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Class struggle never existed without hatred of the poor. And neither has racism.
Boots Riley’s recent article, posted in The Guardian, systematically dispels the myth of black-on-black crime advocated by Bill Clinton. Rather than pointing the image of failure at black people in the US, Riley insists, the mirror should be redirected to class war and the failure of liberal democracy. The condition of black people will advance with economic prosperity, not punitive drug laws.
The attempts to demean black people in the US, while specific to modern racism, has its roots in old fashioned class hatred interwoven within the fabric of western civilization.
Let’s wind back the clock a bit. Black-on-black crime is one of the establishing myths of racialized class oppression, dating to notions of the “white man’s burden.” However, before Bacon’s Rebellion in 1676, when black and white bonded laborers and slaves rose up together, Irish workers in particular were similarly debased and derided by the master class.
Returning back to pre-colonial days, generally speaking, we can pick up on the same narratives that currently keep black people in chains directed against poor whites in Europe. Marx and Engels’s Communist Manifesto compares the contemporary struggle between the proletarian and bourgeois to the plebeians and patricians of Rome, as well as the serfs and lords of the Middle Ages.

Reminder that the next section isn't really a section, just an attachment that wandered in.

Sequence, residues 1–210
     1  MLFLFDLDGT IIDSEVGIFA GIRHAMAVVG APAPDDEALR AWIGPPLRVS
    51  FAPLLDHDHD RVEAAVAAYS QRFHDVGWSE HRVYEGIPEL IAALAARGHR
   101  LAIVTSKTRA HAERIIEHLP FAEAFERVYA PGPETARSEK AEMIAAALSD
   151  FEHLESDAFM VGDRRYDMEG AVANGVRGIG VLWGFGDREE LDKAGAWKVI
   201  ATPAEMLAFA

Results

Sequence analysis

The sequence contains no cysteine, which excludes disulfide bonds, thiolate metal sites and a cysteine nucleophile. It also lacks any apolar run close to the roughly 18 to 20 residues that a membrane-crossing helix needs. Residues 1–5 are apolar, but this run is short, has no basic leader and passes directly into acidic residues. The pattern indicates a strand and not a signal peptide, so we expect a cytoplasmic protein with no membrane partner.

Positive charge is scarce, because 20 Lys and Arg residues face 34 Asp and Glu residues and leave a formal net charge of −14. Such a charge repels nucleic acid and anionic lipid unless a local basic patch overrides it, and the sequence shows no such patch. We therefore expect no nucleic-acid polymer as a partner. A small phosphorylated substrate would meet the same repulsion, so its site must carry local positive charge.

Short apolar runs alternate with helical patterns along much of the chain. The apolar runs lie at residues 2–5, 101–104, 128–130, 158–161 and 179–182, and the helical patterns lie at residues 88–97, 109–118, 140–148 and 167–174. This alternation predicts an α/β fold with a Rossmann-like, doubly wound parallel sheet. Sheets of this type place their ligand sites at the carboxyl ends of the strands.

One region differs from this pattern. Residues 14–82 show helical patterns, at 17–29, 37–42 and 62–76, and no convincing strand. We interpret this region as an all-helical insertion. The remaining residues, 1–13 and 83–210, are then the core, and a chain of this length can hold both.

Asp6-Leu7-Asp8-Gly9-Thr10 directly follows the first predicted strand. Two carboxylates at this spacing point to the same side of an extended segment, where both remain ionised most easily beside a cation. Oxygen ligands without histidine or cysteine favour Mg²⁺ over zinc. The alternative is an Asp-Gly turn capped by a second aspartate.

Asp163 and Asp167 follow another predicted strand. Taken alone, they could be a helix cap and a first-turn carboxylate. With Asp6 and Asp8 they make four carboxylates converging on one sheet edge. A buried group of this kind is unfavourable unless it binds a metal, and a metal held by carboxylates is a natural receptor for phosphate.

Historian Titus Livius tells us of the patricians’ hatred of plebs that prefigured the “struggle of the orders”:
“Appius Claudius, harsh by nature, and now maddened by the hatred of the plebs on the one hand and the praises of the senate on the other, asserted that these riotous gatherings were not the result of misery but of license, the plebeians were actuated by wantonness more than by anger. This was the mischief which had sprung from the right of appeal, for the consuls could only threaten without the power to execute their threats as long as a criminal was allowed to appeal to his fellow-criminals.”
It was not the plebeians’ poverty that drove them to insurgency, but democracy and a sense of entitlement, says Claudius. How could a system function when greedy and licentious plebs had no accountability except to each other? Not far off from today’s discussions of Black Lives Matter that one sees on conservative blogs and comment threads.
Moving ahead to the Middle Ages, the same beliefs found their way to the upper class. The seething hatred of “villeins” (peasants) held by the nobility comes through in the 13th Century story Le Despit au Vilain:
“Tell me, Lord, if you please, by what right or title does a villein eat beef?… And goose, of which they have plenty? And this troubles God. God suffers from it and I too. For they are a sorry lot, these villeins who eat fat goose! Should they eat fish? Rather let them eat thistles and briars, thorns and straw and hay on Sunday and peapods on weekdays. They should keep watch without sleep and have trouble always; that is how villeins should live. Yet each day they are full and drunk on the best wines, and in fine clothes. The great expenditures of villeins comes at a high cost, for it is this that destroys and ruins the world. It is they who spoil the common welfare. From the villein comes all unhappiness. Should they eat meat? Rather they chew grass on the heath with the horned cattle and go naked on all fours.”
There they are. The 13th Century “welfare queens” buying smoked salmon with food stamps and sleeping through their job interviews. The rich hate the poor for presumed easy lifestyles cheating the system. Instead of working hard and advancing themselves, the modern “villeins” try to get-rich-quick, spending their money on alcohol and pipe dreams, killing one another rather than saving up for sensible living. It follows, says the modern liberal, that the poor get what they deserve while the bourgeois receive fair earnings.